I could still play but it wasn’t the same with a little response lost. We ground on the new crown a couple more times and finally it didn’t look right and had lost the color depth as we got past the upper layer of the crown to the more solid white color under that. It because clear we had to do it again and the dentist actually paid for the second crown to be done at a different lab he had used for a very long time that did everything by hand. That worked and looked great.

If I hadn’t had a dentist willing to listen I would have had the same situation again.

Prior to this I kept the same exact practice routine and practiced every day and I don’t change mouthpieces or horns. I knew I needed to have a way to evaluate the changes. During this process my playing felt strange and I first thought it was the changes to the crown. However, it was really caused by using an Albuterol inhaler to address a dry cough I sometimes get during the winter. Once I figured that out and stopped the inhaler my playing we totally normal again and I told the dentist.

I am sure the changes were much easier because my mouthpiece placement it at least ⅔ to ¾ top lip and everything can vibrate much more free than when I used to have it ¼ top lip. That plus the consistency of a daily smart practice routine were super important.

Damage to teeth is traumatic in lots of ways. But, there is a way to fix any of it if you’re patient and have a good plan. Contact me directly if you wish.

Jeff
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Halflip
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PostPosted: Fri Sep 23, 2022 4:28 am    Post subject: Reply with quote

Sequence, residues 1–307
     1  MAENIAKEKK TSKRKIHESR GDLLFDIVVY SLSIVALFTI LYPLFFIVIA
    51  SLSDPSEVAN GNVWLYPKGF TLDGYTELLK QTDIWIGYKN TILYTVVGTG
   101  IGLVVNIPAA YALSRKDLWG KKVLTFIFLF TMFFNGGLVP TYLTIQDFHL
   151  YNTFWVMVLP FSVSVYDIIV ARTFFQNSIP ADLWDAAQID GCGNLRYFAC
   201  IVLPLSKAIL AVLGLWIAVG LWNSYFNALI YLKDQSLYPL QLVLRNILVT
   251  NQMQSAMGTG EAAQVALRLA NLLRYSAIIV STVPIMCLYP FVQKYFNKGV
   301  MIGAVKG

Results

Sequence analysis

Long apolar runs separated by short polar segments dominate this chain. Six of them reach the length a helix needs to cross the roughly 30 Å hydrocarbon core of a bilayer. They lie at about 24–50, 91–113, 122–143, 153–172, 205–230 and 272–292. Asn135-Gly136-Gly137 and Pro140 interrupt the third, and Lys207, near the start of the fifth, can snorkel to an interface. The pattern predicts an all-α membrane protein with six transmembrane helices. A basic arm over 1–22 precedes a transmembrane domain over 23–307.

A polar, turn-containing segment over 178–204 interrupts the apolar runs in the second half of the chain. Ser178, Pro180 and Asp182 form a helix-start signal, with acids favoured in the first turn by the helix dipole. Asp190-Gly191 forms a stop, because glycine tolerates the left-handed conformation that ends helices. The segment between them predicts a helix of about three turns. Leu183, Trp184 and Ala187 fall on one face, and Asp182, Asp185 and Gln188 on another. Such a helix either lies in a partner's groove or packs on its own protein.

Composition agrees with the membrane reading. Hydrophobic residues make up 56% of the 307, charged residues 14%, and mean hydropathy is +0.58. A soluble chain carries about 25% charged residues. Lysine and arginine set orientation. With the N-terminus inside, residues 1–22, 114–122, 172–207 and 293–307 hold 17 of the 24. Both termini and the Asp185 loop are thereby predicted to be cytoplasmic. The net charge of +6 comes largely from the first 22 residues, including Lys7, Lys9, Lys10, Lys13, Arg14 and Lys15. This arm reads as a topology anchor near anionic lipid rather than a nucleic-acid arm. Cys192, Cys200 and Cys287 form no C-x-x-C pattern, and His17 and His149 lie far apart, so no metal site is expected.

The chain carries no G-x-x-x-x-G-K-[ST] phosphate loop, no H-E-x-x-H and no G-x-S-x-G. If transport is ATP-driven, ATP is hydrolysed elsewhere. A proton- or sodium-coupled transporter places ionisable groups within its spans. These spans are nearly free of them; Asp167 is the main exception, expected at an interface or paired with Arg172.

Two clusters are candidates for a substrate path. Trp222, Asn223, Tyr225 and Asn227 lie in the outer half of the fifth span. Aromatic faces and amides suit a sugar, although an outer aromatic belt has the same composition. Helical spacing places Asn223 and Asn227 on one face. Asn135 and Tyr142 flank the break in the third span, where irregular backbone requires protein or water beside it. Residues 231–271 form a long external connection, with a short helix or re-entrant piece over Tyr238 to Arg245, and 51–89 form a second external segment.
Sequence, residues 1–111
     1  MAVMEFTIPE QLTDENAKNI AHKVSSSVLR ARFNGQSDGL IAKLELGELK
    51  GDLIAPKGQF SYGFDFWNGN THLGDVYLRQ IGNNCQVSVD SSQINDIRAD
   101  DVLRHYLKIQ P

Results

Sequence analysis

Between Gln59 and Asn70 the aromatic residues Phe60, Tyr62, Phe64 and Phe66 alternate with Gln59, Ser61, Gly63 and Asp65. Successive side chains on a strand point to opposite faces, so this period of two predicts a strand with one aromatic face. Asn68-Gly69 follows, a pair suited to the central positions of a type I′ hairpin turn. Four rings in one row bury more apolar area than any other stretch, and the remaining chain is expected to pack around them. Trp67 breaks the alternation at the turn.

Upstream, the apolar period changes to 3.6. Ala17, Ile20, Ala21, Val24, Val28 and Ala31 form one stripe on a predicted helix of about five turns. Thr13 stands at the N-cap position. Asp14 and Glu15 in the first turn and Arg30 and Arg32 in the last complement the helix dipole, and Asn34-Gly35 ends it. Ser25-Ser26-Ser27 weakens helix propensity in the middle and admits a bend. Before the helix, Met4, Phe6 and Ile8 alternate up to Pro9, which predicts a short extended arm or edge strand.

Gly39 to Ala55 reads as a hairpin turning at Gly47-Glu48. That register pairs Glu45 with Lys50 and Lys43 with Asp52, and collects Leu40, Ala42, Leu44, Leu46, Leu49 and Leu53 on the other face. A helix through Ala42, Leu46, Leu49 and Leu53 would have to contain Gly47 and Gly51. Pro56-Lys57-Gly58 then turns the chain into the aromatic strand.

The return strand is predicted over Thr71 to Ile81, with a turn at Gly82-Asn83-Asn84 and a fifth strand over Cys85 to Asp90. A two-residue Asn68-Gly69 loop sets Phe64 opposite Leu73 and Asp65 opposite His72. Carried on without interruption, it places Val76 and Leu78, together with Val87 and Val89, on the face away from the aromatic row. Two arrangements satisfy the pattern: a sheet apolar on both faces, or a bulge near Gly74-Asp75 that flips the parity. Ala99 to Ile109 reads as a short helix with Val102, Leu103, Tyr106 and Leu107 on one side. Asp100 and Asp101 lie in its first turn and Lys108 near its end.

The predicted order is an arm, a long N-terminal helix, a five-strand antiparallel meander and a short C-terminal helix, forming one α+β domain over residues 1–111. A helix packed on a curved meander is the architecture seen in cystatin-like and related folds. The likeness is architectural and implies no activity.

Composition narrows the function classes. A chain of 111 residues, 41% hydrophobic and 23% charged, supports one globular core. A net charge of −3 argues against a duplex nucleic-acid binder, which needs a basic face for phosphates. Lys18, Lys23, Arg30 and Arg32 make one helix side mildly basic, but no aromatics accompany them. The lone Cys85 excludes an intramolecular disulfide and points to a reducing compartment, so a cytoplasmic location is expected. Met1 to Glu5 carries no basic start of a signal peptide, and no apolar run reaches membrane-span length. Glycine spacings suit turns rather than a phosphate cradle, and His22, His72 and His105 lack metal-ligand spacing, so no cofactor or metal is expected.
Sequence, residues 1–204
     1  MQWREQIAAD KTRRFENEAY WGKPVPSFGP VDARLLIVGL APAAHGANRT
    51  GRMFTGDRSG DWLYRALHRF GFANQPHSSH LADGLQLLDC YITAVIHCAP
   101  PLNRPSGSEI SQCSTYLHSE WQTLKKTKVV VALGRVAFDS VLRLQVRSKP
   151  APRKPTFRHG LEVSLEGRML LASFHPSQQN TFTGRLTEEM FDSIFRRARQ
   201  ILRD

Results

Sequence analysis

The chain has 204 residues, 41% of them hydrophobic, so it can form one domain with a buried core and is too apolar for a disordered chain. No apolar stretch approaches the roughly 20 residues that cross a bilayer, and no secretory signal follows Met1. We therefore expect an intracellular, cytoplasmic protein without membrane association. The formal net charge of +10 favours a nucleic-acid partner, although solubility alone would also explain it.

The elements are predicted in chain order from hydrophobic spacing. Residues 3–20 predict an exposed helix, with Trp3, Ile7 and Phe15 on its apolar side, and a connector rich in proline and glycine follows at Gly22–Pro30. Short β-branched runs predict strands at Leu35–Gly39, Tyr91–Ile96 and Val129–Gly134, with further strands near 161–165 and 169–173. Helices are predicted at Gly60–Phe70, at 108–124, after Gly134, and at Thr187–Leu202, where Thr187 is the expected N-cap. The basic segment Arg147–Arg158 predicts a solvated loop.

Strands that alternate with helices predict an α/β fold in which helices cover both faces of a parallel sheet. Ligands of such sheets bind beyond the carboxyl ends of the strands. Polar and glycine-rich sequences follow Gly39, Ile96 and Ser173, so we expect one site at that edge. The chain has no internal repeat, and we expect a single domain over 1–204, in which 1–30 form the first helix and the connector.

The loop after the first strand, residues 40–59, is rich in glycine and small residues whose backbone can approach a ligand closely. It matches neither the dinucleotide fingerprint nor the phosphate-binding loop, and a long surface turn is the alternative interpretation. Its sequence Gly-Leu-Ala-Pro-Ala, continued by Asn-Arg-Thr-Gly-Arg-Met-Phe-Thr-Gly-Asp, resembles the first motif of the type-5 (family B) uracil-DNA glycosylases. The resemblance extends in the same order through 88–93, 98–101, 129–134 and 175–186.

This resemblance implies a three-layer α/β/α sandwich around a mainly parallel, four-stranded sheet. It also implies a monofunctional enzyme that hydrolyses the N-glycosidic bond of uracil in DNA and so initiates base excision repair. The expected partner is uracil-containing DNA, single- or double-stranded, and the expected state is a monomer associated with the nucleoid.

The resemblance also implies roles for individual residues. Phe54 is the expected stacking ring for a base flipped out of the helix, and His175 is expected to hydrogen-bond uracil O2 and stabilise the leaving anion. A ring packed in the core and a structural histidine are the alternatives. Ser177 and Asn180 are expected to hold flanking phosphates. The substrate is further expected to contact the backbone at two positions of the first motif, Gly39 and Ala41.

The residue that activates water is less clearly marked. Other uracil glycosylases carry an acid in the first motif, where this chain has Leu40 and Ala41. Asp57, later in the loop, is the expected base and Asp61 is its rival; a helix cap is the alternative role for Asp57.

Um, guys . . . the OP was facing the dental problem 15 YEARS AGO. Elgin resurrected the thread out of a desire to hear how things went.
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dstpt
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PostPosted: Fri Sep 23, 2022 9:14 am    Post subject: Reply with quote

Halflip wrote:
Um, guys . . . the OP was facing the dental problem 15 YEARS AGO. Elgin resurrected the thread out of a desire to hear how things went.

...and the OP hasn't posted to a TH thread since 2008.
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Jeff_Purtle
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PostPosted: Fri Sep 23, 2022 11:34 am    Post subject: Reply with quote

Serves me right for getting up too early. I didn’t read the date and just thought I might having something to contribute. Oh well. I will leave my remarks but I do have a bunch of pictures of my process and might create an article on my site about how I worked through the process. Some of the pictures are kind of crazy. I didn’t do any anesthesia and removing the old crown required a slide hammer sort of thing and was pretty aggressive.

Jeff
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cheiden
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PostPosted: Fri Sep 23, 2022 12:29 pm    Post subject: Reply with quote

Jeff_Purtle wrote: